Graphic Discovery: A Trout in the Milk and Other Visual Adventures

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Princeton University Press, 2005 - Mathematics - 192 pages
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Good graphs make complex problems clear. From the weather forecast to the Dow Jones average, graphs are so ubiquitous today that it is hard to imagine a world without them. Yet they are a modern invention. This book is the first to comprehensively plot humankind's fascinating efforts to visualize data, from a key seventeenth-century precursor--England's plague-driven initiative to register vital statistics--right up to the latest advances. In a highly readable, richly illustrated story of invention and inventor that mixes science and politics, intrigue and scandal, revolution and shopping, Howard Wainer validates Thoreau's observation that circumstantial evidence can be quite convincing, as when you find a trout in the milk.


The story really begins with the eighteenth-century origins of the art, logic, and methods of data display, which emerged, full-grown, in William Playfair's landmark 1786 trade atlas of England and Wales. The remarkable Scot singlehandedly popularized the atheoretical plotting of data to reveal suggestive patterns--an achievement that foretold the graphic explosion of the nineteenth century, with atlases published across the observational sciences as the language of science moved from words to pictures.


Next come succinct chapters illustrating the uses and abuses of this marvelous invention more recently, from a murder trial in Connecticut to the Vietnam War's effect on college admissions. Finally Wainer examines the great twentieth-century polymath John Wilder Tukey's vision of future graphic displays and the resultant methods--methods poised to help us make sense of the torrent of data in our information-laden world.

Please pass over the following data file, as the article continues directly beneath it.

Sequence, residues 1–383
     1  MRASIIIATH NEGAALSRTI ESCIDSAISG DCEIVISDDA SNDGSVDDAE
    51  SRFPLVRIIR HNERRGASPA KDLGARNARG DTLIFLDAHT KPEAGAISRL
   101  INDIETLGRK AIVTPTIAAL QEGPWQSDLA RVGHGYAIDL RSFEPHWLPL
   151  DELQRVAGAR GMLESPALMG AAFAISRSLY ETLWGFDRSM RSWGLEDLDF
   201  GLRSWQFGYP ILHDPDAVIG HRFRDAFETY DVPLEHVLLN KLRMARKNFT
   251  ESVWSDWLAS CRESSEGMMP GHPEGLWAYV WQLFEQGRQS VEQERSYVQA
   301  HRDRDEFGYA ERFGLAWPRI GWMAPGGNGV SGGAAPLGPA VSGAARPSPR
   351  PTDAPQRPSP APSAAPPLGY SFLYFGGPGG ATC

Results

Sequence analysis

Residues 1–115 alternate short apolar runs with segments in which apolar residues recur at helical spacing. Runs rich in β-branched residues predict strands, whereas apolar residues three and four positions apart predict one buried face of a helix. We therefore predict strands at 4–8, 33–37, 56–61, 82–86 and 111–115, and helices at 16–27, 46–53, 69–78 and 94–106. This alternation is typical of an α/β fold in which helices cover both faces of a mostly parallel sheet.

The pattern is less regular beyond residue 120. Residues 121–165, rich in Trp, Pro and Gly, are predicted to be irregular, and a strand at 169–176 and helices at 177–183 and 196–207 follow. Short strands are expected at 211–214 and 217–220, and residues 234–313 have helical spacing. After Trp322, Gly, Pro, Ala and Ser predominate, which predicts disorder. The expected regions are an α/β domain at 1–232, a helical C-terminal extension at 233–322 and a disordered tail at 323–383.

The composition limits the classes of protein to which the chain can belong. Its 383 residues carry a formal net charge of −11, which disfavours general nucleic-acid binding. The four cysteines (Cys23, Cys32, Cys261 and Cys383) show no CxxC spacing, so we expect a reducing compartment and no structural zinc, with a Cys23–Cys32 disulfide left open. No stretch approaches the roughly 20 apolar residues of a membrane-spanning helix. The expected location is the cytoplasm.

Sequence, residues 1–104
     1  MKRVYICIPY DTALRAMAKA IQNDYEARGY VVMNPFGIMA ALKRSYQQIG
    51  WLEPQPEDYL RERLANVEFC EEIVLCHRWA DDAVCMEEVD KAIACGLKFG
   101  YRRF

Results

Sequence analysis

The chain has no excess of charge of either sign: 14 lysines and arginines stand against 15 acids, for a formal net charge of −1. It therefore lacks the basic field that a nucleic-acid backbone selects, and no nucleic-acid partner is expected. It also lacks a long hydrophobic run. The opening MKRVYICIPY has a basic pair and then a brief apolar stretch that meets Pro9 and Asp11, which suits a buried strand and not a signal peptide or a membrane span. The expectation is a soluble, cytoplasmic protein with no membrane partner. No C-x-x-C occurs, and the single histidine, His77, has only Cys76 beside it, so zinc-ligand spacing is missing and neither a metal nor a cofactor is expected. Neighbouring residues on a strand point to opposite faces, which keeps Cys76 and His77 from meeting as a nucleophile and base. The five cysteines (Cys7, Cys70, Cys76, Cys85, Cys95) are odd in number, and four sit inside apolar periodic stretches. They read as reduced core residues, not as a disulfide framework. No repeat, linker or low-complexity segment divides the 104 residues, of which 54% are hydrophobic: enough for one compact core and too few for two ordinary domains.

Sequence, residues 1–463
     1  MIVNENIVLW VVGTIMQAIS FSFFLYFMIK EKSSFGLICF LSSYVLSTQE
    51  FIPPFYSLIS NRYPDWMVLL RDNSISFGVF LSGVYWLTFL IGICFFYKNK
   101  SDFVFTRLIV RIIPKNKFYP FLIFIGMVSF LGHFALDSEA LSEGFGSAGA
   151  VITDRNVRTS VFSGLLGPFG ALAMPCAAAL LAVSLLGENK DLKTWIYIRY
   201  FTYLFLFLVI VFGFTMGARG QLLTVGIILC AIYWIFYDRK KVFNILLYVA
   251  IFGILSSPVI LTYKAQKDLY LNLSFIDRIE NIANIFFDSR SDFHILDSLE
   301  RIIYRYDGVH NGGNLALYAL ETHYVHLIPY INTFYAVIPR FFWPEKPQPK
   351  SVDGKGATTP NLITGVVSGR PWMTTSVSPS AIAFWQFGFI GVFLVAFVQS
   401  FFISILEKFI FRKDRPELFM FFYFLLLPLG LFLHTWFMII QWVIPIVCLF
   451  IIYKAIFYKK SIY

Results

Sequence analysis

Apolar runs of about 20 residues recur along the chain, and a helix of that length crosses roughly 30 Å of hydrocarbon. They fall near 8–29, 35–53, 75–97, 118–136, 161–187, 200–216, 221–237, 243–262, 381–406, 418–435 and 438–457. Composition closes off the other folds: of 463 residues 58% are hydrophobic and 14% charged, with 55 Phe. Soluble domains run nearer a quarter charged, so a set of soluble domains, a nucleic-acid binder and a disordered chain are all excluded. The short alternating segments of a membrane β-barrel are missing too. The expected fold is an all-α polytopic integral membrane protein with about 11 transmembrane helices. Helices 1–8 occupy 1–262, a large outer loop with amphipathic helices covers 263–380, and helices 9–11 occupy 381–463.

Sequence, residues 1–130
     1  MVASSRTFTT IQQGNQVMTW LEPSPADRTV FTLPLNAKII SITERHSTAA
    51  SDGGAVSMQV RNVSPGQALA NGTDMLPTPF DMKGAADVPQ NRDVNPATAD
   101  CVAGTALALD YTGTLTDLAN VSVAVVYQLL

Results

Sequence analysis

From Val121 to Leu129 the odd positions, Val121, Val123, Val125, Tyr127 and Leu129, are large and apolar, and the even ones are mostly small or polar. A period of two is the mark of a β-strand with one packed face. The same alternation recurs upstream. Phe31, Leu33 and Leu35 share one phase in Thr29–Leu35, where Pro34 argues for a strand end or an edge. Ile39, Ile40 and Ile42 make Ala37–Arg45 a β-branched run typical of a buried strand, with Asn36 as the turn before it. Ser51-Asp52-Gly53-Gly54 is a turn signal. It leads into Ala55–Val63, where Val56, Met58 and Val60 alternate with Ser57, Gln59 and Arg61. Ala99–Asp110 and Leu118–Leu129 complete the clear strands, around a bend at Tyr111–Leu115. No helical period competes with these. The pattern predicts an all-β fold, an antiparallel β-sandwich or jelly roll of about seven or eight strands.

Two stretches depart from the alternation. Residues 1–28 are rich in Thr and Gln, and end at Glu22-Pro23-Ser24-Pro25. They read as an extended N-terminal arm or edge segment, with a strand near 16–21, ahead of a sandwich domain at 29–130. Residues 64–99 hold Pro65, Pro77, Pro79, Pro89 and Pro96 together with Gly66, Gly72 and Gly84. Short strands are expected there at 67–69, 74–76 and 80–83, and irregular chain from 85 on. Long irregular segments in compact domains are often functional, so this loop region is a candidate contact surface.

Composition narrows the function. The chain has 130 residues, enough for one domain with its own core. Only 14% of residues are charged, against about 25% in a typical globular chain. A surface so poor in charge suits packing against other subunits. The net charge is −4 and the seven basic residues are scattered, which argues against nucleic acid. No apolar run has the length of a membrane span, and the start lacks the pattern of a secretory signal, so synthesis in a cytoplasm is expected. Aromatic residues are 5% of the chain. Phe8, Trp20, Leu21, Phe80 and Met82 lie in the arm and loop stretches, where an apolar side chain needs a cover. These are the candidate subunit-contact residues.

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Contents

III
5
IV
9
V
20
VI
24
VII
28
VIII
39
IX
44
X
47
XIX
90
XX
97
XXI
103
XXII
109
XXIII
115
XXIV
117
XXV
125
XXVI
134

XI
52
XII
57
XIII
59
XIV
63
XV
72
XVI
78
XVII
81
XVIII
86
XXVII
142
XXVIII
150
XXIX
151
XXX
173
XXXI
177
XXXII
185
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Page 179 - A chart exhibiting the relation between the amount of Bank of England notes in circulation, the rate of foreign exchanges, and the prices of gold and silver bullion and of wheat; with observations.

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Book Design
Andrew Haslam
Limited preview - 2006
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About the author (2005)

Howard Wainer is a Distinguished Research Scientist at the National Board of Medical Examiners. He has published more than 400 articles and chapters in scholarly journals and books.

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